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Early September harvest featuring hot peppers, a tomato, a cucumber, an eggplant, and apples from the backyard. Photo by Grey Catsidhe, 2014.

I might not be able to fill my cupboards with food for the winter, but what I am able to grow and wildharvest really helps connect me to the land and the changing seasons. Thanks Nature Spirits! Thanks Mother Earth!

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Cherry tomatoes from a past garden. Photo by Grey Catsidhe, 2012.


My toddler daughter is mastering walking (and running), and loves going outside to walk around my garden.  She’s also mastering her fine motor skills, which has made for some mildly stressful walks.  She’s seen me harvest enough food from the garden to understand that you can pick things and eat them.  Thankfully, she doesn’t put just anything in her mouth these days, but she knows that tomatoes are a good thing to pick and pop in your mouth.  As a result, several little green tomatoes have left the mother vine before their time.  It’s taken a lot of patience and modeling, but I think Bee is starting to understand that we want to pick the red tomatoes.  Any red tomatoes in her sight are hers – at least that’s what she thinks.  I try to pick as many as I can for our salads, but I make sure she can find one or two.  The pride on her face when she finds one is so heartwarming, and the grin that forms when she sucks in that delicious, fresh tomato juice …  I’ve always felt that it was a summer elixir, and it shows on her face.  It feels wonderful to know that she is developing an appreciation for homegrown food.  Seasonal foods play an important role in our holiday rituals, so this is a simple but important step to understanding and celebrating our relationship with the natural world.

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The view from Wellesley Island, NY. Photo by Weretoad, 2014.

Like most people in America, I spent some time outdoors with my family this Labor Day weekend. We decided to explore one of the larger islands in the 1000 Islands – Wellesley Island. We chose to take a late afternoon hike on one of the shorter trails at the Minna Anthony Nature Center. We arrived shortly before the building closed, but we were able to take a quick peek at the butterfly house. There weren’t many butterflies in there, but we did enjoy what we saw. Honestly, the highlight for me was finally seeing a positively identified nettle in person. There’s a world of a difference between looking at field guides and live specimens. Now I have a better sense of what to look for when I go foraging again!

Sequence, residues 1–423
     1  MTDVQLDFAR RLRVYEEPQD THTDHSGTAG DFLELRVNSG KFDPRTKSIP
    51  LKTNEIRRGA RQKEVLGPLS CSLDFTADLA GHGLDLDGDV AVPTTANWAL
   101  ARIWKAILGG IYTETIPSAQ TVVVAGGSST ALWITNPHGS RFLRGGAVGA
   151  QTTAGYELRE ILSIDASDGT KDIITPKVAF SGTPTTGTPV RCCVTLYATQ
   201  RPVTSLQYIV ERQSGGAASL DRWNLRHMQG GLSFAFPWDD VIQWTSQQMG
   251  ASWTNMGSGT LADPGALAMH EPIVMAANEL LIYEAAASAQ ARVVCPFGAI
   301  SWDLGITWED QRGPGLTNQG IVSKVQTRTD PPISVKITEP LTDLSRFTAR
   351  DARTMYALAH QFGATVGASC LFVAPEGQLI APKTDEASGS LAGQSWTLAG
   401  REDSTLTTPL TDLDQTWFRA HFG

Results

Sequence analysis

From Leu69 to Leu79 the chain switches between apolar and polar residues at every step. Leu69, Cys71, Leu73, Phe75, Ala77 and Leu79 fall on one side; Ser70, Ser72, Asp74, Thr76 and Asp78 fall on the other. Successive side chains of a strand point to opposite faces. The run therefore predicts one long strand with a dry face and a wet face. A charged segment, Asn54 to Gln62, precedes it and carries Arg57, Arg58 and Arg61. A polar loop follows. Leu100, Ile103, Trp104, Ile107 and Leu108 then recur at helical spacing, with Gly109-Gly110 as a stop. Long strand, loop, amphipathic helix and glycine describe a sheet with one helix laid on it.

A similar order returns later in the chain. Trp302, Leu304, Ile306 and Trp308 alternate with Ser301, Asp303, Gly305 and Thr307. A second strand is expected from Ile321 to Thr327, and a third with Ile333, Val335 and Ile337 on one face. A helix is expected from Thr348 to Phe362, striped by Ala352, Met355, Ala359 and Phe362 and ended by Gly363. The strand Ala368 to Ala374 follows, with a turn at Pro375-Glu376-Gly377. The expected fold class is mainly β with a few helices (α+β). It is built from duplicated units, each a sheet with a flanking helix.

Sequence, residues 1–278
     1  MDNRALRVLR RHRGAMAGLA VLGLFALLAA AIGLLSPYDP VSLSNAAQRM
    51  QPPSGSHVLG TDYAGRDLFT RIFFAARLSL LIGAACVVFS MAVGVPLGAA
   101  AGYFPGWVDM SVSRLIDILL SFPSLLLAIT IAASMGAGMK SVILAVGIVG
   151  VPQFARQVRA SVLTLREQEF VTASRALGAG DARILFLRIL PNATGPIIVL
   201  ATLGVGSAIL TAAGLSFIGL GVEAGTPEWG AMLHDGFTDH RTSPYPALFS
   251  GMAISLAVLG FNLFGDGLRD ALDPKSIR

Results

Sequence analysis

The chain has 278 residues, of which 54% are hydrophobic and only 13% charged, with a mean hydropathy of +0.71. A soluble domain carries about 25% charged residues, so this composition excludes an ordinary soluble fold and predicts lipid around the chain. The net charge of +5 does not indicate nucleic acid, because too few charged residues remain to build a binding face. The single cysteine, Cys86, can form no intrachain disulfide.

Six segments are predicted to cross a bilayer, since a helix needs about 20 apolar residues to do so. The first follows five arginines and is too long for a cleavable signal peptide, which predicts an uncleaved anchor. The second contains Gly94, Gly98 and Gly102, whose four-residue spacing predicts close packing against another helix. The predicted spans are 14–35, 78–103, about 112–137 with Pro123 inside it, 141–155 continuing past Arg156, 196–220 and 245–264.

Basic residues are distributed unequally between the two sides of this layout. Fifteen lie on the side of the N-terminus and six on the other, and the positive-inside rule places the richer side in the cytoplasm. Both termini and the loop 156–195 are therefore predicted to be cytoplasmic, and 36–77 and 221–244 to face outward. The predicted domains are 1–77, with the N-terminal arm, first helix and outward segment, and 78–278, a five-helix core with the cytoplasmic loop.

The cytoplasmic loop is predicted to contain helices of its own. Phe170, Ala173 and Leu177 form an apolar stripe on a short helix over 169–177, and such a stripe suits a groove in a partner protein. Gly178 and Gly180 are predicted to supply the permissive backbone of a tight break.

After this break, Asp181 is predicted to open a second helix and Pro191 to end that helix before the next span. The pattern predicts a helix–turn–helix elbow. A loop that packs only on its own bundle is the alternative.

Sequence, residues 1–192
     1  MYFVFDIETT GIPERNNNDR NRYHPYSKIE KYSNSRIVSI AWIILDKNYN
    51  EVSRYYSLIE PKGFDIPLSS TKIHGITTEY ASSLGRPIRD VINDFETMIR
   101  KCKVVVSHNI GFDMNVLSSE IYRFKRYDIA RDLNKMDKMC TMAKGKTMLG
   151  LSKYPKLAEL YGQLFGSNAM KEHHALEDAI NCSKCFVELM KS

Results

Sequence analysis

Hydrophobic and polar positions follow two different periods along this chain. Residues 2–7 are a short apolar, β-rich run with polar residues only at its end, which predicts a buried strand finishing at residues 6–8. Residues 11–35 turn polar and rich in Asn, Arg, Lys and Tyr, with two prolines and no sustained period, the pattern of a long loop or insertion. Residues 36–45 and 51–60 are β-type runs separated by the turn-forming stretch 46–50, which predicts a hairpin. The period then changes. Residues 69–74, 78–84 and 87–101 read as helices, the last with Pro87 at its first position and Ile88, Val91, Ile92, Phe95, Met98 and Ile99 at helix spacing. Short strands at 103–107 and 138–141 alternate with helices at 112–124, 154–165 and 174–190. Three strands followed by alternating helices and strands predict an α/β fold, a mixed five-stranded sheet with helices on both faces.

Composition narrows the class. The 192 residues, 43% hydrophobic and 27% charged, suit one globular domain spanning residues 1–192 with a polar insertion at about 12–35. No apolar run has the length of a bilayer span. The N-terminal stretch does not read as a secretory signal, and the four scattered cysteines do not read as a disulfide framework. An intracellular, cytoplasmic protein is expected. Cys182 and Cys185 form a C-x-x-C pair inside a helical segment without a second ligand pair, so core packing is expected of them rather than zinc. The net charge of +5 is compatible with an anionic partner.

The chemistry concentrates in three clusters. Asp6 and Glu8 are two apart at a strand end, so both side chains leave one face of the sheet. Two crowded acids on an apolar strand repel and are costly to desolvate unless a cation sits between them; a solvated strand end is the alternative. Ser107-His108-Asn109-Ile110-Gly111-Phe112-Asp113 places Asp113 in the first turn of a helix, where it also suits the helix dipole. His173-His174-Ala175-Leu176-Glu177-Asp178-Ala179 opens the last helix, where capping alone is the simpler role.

Since we had toddlers with us and none of us were dressed for a longer hike, we decided to take a short trail. You can lengthen your hike by continuing on to a lookout over Eel Bay, but we turned towards a dock*. All the while, the St. Lawrence River was just visible through the still green trees, it’s gentle waves hushing the chattering squirrels. There were several large oak trees near the path. We stopped to admire them – even hug them. I’ve been teaching Bee that trees are important Nature Spirits. We say hello to them, and I teach her their names as we do this. “Hello oak!” She always waves.

We were delighted at how quiet the dock was. Perhaps it was the time of day, or perhaps most people were busy swimming or having picnics. Had it only been myself, my husband, and daughter, I would have asked for some quiet time to meditate. It’s a great spot for just that. We put our feet in and caught some sun on our faces. Land, sea, and sky – an island is a great place to connect with the Three Realms.

Weretoad and I intend to return on our own in the future. We want to hike the longer trail to Eel Bay, and I would like to do some meditation. It’s a large state park, and there seem to be plenty of quiet areas where a Druid or even a very small group could go to meditate.

*We discovered afterwards that the dock is also accessible via an even shorter trail right behind the center itself.

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A lovely Mother Goddess statue from Brigid’s Grove, gifted to me by a dear friend. Photo by Grey Catsidhe, 2014.

I’ve been reading and enjoying Margot Adler’s “Drawing Down the Moon.” Several people in my protogrove decided to read it towards various ADF study programs and to honor Adler as an Ancestor.  I know I’ll have more to discuss when I’m finished.  For now, I’m nearing the end of the section on Feminist Witchcraft.  I consider myself a feminist, but I’ll be the first to admit that I’m not very informed on the philosophy.  Basically, I want women to have equality with men, and I want us to live in harmony.  A lot has happened in my family the past couple of years that has only made me feel stronger about this, yet I’m not a political feminist.  Perhaps I should be?  Perhaps I will be one day.  To me, it seems inextricably linked to environmentalism, which is something I’ve been somewhat political about.  That said, I don’t feel like I have the vocabulary to fully explore these thoughts yet.  There’s a lot in the chapter that both resonates with me, but there’s a lot more that makes me uncomfortable or uncertain.